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Where’s the best place to head office the bank?

"Where’s the best place to head office the bank?" is a question asked regularly by folks like HSBC, and the answer may be quite surprising.

Obviously, key contenders would be London, Paris, Frankfurt, New York,
Chicago, Sydney, Tokyo, Hong Kong, Singapore … in fact, any of these
could be appropriate.  Most banks decide based upon where their roots
were and what sort of specialisation they have, such as whether they
are a local retail player or a derivatives focused investment bank.  In
other words, you locate based upon history, product, service, access to
resources and skills and so forth.

But if you were moving Head Office as a global bank, without any loyalty to any location today, where would you locate?

Well, now there is an answer. 

The Heritage Foundation’s Distribution of Economic Freedom.

The 2008 list has just come out and it’s got some surprising details and views.

Before giving you the results however, it’s worth understanding how
they calculate this list.  The Heritage Foundation assessed 162
countries  and reviewed ten areas, such as their freedom of trade,
freedom of business, freedom of investment, freedom from corruption,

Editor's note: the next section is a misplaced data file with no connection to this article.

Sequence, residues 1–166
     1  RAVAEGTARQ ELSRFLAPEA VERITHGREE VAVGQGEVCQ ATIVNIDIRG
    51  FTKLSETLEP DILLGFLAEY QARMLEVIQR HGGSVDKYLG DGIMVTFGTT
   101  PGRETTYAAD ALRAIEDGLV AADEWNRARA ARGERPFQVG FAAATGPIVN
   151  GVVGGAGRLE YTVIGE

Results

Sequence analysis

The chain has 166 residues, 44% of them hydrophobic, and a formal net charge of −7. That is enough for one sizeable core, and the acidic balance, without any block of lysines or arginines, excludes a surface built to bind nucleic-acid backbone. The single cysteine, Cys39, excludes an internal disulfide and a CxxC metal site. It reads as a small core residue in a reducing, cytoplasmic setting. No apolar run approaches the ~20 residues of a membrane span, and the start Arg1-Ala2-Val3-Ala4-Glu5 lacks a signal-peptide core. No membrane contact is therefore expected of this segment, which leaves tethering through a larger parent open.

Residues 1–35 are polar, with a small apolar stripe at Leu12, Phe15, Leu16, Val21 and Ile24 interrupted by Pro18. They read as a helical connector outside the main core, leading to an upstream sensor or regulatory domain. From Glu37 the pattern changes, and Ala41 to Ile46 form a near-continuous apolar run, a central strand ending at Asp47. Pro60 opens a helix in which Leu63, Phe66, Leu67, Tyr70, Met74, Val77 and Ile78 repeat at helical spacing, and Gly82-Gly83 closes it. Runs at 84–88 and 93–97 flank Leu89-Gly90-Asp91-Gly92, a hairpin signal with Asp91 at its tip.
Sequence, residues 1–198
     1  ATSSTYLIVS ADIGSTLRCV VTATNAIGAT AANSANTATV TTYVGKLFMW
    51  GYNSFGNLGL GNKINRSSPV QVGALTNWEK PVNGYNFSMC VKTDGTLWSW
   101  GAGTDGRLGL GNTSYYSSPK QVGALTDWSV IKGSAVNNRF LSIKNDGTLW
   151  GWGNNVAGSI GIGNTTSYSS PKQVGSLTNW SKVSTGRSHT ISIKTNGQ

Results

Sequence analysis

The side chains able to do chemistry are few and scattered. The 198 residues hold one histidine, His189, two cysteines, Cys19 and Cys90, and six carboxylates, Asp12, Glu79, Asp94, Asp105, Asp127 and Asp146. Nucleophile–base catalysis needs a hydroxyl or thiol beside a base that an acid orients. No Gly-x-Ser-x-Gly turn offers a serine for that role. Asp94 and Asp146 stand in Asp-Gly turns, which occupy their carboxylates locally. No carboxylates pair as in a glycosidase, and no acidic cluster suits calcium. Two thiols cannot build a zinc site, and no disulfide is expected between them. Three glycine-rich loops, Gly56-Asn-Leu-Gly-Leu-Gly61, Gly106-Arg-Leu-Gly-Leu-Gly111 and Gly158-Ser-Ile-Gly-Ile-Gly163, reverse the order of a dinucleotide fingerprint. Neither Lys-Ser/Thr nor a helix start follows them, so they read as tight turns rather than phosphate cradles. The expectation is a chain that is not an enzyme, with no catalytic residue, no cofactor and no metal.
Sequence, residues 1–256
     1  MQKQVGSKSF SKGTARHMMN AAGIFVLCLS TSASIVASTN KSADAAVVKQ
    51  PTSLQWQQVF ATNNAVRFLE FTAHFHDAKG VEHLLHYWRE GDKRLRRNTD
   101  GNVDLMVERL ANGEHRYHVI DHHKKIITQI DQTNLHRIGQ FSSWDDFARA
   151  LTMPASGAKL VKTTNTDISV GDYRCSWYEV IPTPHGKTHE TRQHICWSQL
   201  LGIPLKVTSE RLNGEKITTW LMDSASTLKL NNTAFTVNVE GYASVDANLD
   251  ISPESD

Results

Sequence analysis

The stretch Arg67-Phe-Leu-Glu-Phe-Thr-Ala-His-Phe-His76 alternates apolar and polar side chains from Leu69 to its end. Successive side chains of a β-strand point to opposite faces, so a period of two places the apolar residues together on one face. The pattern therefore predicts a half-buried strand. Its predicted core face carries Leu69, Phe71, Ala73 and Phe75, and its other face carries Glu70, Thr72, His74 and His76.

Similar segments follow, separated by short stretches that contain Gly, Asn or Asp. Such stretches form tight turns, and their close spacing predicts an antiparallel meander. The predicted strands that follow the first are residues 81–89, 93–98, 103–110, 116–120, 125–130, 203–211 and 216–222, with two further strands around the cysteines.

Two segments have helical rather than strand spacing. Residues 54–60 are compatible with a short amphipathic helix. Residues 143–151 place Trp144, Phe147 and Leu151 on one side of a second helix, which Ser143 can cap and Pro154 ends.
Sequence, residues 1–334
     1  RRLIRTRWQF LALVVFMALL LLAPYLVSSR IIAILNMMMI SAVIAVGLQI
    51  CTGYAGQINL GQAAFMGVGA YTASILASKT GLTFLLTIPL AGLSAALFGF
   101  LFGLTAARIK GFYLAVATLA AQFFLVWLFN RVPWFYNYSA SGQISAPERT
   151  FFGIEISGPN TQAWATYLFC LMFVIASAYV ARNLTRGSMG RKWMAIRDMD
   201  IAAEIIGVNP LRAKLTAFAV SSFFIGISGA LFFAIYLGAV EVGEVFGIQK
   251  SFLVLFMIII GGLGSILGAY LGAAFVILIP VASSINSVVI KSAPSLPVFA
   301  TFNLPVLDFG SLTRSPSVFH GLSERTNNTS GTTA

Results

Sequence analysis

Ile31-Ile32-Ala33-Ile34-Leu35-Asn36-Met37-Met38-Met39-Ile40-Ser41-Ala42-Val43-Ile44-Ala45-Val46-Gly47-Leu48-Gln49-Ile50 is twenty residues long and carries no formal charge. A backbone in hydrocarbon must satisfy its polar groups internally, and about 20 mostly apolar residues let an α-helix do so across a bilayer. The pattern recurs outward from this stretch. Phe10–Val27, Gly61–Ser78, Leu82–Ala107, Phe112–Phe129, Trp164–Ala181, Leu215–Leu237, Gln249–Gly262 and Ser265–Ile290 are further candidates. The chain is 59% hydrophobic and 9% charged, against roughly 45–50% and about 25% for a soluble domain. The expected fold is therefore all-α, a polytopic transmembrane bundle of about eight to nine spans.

size of Government and respect for property rights.  Countries are then
graded with a score between 0 and 100 to produce a simple, unbiased
overall score for each country.

So, who do you think would be the winner?

USA?  Nope, they’re fifth.

The UK?  Nope, tenth.

Japan?  Seventeeth.

Iraq?  Urrmmm … they didn’t grade that one.

First
for freedom and the best place to locate your bank would be … Hong
Kong.  Now, isn’t that lucky for HSBC if they wanted to move?

Here’s the Top 10:

  1. Hong Kong
  2. Singapore
  3. Ireland
  4. Australia
  5. United States
  6. New Zealand
  7. Canada
  8. Chile
  9. Switzerland
  10. United Kingdom

Visit  the Countries or have a look at the World Economic Freedom Map.

What’s interesting is that when you look at the analysis of the Top 10
based upon the ten criteria used: America is the worst for corruption,
Chile the worst for monetary freedom, Australia the worst for fiscal
freedom, and the UK is the worst for freedom of labour and our size of
Government.

Don’t we just know it?

About Chris M Skinner

Chris M Skinner

Chris Skinner is best known as an independent commentator on the financial markets through his blog, the Finanser.com, as author of the bestselling book Digital Bank, and Chair of the European networking forum the Financial Services Club. He has been voted one of the most influential people in banking by The Financial Brand (as well as one of the best blogs), a FinTech Titan (Next Bank), one of the Fintech Leaders you need to follow (City AM, Deluxe and Jax Finance), as well as one of the Top 40 most influential people in financial technology by the Wall Street Journal’s Financial News. To learn more click here…

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